The lying lawyer is a butt of many jokes, but should a history of telling tall tales bar a former journalist-turned-aspiring-attorney from practicing law?
The California Supreme Court will decide if Stephen Glass, a former writer at The New Republic caught fabricating his articles, has rehabilitated himself enough to be admitted to the state bar.
During the late 1990s, Glass was a young rising star at The New Republic, a Washington-based politics and culture magazine. But in 1998, a Forbes reporter fact-checking a Glass piece about a teenage computer hacker discovered that the article was all phony.
An ensuing investigation found that Glass had fabricated quotes, anecdotes and people featured in many of his pieces. He had also covered up these lies with phony notes in order to dupe editors and fact-checkers at The New Republic. Glass' scandal was popularized in the movie, Shattered Glass.
Glass pursued a new career as a lawyer, graduating from Georgetown University Law Center. He passed the New York bar exam, but he was never certified because of the issues about his moral fitness.
He moved to California to try his luck there, but ran into the same problem after passing the bar. The State Bar of California's Committee of Bar Examiners declined to sign off on his moral fitness because of his history of lying, according to The Recorder, a state legal publication.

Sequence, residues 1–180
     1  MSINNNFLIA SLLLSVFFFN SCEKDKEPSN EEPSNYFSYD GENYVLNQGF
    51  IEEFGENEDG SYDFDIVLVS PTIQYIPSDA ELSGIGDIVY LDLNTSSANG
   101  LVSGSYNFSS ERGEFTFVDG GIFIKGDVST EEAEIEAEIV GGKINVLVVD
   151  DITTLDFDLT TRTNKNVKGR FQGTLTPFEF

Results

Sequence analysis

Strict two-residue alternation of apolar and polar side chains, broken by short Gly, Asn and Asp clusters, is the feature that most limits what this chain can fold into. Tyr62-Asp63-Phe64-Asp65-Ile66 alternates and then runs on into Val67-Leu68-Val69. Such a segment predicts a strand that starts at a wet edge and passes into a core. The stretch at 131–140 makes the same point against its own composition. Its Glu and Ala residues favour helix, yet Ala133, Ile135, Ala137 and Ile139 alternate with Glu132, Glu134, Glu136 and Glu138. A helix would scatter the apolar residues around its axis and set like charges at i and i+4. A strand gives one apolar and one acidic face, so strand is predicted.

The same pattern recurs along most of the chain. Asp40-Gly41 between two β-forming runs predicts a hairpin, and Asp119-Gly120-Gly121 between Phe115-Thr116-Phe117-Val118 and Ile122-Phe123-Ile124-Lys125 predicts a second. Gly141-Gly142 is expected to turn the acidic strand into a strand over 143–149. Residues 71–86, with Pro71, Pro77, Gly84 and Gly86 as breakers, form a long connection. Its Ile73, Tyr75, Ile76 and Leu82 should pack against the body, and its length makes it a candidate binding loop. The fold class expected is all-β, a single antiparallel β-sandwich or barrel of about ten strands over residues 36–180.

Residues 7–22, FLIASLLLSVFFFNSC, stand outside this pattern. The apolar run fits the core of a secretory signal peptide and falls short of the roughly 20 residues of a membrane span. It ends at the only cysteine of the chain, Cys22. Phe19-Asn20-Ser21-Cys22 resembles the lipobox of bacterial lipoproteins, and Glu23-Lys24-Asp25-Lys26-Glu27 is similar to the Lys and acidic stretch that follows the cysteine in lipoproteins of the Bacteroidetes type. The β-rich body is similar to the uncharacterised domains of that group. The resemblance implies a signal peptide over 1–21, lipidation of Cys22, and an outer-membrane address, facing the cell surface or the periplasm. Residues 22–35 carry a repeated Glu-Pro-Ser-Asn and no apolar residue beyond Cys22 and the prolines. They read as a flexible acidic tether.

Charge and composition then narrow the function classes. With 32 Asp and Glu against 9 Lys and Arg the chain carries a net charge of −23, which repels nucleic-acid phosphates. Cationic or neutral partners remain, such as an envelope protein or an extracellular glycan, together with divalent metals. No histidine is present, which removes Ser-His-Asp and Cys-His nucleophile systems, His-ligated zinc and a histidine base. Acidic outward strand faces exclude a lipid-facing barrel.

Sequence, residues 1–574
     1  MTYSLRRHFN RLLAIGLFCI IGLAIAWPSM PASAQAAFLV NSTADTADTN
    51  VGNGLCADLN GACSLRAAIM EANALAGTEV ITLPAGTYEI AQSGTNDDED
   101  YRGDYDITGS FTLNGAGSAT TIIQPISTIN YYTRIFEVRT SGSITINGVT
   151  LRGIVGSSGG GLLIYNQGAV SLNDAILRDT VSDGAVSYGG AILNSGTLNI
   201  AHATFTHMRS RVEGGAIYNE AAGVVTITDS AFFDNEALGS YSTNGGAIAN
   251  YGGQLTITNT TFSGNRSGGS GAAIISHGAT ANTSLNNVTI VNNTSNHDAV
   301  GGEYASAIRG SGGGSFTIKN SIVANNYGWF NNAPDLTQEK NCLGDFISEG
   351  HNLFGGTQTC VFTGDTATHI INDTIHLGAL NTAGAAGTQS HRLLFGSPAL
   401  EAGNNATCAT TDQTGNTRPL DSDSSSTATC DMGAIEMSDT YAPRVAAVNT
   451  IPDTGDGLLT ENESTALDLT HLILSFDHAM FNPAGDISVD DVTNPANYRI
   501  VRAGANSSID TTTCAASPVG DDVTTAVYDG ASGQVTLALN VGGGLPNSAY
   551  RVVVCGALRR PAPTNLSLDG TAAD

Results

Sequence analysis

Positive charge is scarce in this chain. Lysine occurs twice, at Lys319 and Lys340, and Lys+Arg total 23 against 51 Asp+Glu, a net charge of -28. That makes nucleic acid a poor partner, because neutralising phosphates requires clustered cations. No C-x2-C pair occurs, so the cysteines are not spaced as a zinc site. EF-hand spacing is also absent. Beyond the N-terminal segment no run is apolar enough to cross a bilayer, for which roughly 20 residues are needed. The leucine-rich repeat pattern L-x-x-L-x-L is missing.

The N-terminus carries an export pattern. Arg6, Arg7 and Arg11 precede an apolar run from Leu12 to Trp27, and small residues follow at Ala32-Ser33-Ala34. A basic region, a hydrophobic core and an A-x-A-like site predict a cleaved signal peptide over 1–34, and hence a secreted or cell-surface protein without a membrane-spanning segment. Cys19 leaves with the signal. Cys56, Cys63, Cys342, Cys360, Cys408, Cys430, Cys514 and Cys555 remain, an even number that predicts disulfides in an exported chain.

A bar association court that reviews attorney conduct, however, disagreed, deciding that Glass had changed for the better after hearing from character witnesses, according to The Recorder.
The state bar association petitioned the California Supreme Court to review the matter and decide whether there was sufficient evidence that Glass is now morally fit for the bar. The court said Friday that the justices granted the petition.
We feel Stephen Glass given his past misdeeds--and significant at that--just hasn't rehabilitated himself and overcome the hurdle he needs to to become a practicing member of the California bar, Rachel Grunberg, assistant general counsel to the State Bar of California, told the International Business Times Monday. He's just literally, in our mind, abandoned one career and is trying to segue into another.
Glass' counsel could not be immediately reached for comment Monday.